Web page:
When John F. Kennedy pledged to go to the moon, he meant it. He had an intense personal commitment to the enterprise. He delivered speeches remembered to this day. He dedicated astronomical sums to make it happen.

Today the manned space program will die for want of $3 billion a year — 1/300th of last year’s stimulus package with its endless make-work projects that will leave not a trace on the national consciousness.

Obama’s NASA budget perfectly captures the difference in spirit between Kennedy’s liberalism and Obama’s. Kennedy’s was an expansive, bold, outward-looking summons. Obama’s is a constricted, inward-looking call to retreat. Fifty years ago, Kennedy opened the New Frontier. Obama has just shut it.

7.) John Stossel:

If competition is a discovery process, the congressional bills would impose the opposite of competition. They would forbid real choice.

In place of the variety of products that competition would generate, we would be forced “choose” among virtually identical insurance plans. Government would define these plans down to the last detail. Every one would have at least the same “basic” coverage, including physical exams, maternity benefits, well-baby care, alcoholism treatment and mental-health services. Consumers could not buy a cheap, high-deductible catastrophic policy. Every insurance company would have to use an identical government-designed pricing structure. Steven Horwitz:

“By what method exactly will the officials know how to allocate resources? By what method will they know how much of what kind of health care people want? And more important, by what method will they know how to produce that health care without wasting resources? In markets with good institutions, profit-seeking producers can get answers to these questions by observing prices and their own profits and losses in order to determine which uses of resources are more or less valuable to consumers.”

Profit is the key to competition. Anyone who claims to favor competition but looks down at profit has no idea what he is talking about.

6.) Michelle Malkin:

The two most important questions for society, according to the Greek philosopher Plato, are these: What will we teach our children? And who will teach them? Left-wing celebrities have teamed up with one of America’s most radical historians to take control of the classroom in the name of “social justice.” Parents, beware: This Hollywood-backed Marxist education project may be coming to a school near you.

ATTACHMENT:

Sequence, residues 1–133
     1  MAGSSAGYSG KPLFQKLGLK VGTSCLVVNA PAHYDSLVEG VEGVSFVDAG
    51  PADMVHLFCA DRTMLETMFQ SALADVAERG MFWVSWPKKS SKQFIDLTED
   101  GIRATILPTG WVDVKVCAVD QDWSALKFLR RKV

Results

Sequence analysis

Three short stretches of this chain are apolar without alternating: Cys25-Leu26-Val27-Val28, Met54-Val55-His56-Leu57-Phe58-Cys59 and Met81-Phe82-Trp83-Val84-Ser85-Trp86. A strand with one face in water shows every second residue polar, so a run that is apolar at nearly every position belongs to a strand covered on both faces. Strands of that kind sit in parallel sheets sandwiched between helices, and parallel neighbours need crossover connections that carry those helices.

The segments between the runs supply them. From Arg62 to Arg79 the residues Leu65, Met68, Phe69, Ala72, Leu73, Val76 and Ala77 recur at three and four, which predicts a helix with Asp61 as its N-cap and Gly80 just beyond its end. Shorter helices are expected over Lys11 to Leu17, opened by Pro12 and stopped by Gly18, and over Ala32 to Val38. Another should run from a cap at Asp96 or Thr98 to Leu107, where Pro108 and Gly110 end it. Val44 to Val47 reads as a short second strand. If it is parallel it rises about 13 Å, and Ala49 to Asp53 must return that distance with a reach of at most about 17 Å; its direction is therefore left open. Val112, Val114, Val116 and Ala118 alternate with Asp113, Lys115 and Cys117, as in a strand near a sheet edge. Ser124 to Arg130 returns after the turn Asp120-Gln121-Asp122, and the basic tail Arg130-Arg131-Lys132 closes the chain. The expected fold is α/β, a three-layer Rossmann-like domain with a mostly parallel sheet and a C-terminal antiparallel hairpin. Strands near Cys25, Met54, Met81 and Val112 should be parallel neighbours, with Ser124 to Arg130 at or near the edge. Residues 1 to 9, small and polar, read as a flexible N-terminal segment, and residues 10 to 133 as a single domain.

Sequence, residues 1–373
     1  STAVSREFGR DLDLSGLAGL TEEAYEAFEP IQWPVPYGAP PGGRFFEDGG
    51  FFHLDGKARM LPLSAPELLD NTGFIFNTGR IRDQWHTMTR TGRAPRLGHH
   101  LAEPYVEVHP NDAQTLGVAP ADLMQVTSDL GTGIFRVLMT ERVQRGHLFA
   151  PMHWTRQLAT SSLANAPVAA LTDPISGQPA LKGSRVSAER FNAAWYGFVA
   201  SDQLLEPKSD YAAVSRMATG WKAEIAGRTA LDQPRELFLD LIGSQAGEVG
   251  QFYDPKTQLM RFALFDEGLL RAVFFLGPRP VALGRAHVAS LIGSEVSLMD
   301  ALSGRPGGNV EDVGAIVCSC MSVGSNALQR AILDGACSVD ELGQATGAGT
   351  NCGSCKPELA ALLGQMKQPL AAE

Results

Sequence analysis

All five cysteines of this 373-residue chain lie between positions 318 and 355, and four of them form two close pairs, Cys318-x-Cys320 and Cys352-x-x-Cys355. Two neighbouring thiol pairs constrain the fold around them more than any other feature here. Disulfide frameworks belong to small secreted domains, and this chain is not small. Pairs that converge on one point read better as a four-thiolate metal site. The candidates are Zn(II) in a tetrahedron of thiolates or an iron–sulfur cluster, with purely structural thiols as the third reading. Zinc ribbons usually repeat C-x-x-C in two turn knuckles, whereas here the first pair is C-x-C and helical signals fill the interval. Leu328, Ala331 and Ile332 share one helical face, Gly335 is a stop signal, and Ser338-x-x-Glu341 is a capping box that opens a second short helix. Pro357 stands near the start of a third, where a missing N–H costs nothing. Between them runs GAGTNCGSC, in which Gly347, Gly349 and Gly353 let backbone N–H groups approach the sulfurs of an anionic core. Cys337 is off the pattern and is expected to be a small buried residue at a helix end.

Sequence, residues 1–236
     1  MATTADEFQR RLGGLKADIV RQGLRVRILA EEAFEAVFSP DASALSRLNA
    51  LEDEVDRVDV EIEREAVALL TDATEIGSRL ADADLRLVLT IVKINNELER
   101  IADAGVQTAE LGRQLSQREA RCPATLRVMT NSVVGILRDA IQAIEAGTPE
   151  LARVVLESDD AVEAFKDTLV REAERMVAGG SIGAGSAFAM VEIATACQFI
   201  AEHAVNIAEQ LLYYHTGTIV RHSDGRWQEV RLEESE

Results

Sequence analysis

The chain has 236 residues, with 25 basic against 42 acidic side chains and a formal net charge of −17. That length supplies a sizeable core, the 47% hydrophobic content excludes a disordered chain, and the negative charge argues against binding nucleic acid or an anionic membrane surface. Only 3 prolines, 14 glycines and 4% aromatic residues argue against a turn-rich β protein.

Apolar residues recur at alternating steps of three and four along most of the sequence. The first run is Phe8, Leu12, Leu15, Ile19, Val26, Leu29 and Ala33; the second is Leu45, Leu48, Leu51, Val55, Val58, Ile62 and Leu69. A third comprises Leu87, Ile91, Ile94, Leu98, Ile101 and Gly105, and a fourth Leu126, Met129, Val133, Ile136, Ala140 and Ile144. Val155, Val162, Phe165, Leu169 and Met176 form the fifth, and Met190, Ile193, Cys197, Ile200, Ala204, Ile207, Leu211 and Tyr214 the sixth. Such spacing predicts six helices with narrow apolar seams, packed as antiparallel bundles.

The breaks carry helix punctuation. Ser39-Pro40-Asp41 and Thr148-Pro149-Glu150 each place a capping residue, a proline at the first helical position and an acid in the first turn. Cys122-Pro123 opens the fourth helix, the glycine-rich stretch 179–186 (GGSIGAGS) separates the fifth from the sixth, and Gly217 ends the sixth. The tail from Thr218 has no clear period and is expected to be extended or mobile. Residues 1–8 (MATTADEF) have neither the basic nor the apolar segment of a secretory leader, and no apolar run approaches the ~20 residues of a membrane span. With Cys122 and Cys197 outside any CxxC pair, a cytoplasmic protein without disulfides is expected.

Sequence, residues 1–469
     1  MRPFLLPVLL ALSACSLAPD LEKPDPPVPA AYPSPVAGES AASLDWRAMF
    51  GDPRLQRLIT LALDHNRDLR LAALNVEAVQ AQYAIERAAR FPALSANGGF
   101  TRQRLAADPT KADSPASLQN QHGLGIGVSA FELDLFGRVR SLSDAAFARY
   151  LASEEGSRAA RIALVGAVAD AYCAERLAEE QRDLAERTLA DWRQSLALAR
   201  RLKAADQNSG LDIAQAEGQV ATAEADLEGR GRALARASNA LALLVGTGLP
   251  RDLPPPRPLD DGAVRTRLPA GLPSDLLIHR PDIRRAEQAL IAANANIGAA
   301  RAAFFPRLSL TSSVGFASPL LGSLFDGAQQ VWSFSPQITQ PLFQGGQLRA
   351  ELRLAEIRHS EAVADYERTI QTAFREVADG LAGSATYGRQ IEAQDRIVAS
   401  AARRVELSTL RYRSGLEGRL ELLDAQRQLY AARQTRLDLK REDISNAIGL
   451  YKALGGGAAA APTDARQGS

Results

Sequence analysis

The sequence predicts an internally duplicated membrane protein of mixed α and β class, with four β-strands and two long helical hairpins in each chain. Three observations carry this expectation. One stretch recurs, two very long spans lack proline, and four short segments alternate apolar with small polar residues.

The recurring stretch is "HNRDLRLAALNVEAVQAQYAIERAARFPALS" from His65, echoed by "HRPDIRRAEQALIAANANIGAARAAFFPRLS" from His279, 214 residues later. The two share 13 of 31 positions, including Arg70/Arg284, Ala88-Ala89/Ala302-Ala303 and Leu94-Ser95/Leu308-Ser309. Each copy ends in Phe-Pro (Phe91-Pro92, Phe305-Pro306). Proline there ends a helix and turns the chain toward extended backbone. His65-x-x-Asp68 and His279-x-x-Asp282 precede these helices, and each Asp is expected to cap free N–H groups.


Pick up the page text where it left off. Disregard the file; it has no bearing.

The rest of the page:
On Sunday, Dec. 13, the History Channel will air “The People Speak” — a documentary based on Marxist academic Howard Zinn’s capitalism-bashing, America-dissing, grievance-mongering history textbook, “A People’s History of the United States.” The film was co-produced and bankrolled by Zinn’s Boston neighbor and mentee Matt Damon. An all-star cast of Bush-bashing liberals, including Danny Glover, Josh Brolin, Bruce Springsteen, Marisa Tomei and Eddie Vedder, will appear. Zinn’s work is a self-proclaimed “biased account” of American history that rails against white oppressors, the free market and the military.

Zinn’s objective is not to impart knowledge, but to instigate “change” and nurture a political “counterforce” (an echo of fellow radical academic and Hugo Chavez admirer Bill Ayers’ proclamation of education as the “motor-force of revolution”). Teachers are not supposed to teach facts in the school of Zinn. “There is no such thing as pure fact,” Zinn asserts. Educators are not supposed to emphasize individual academic achievement. Ann Pelo disparages “a too-heavy focus on academic skills” in favor of “social justice and ecological teaching” for preschoolers.

Teaching for Change’s objective, in Obama-esque fashion, is to train students not to achieve actual proficiency in core academic subjects, but to inspire them to “become active global citizens.” Today’s non-achieving aspirants are tomorrow’s Nobel Peace Prize winners, after all.

5.) Victor Davis Hanson:

Whereas past executives shaded the truth, Barack Obama trumps that: on almost every key issue, what Obama says he will do, and what he says is true, is a clear guide to what he will not do, and what is not true.

1. Obama now rails against a pernicious Washington and its insiders: ergo, Obama controls Washington through both houses of Congress and the White House, and wants to expand Washington’s control…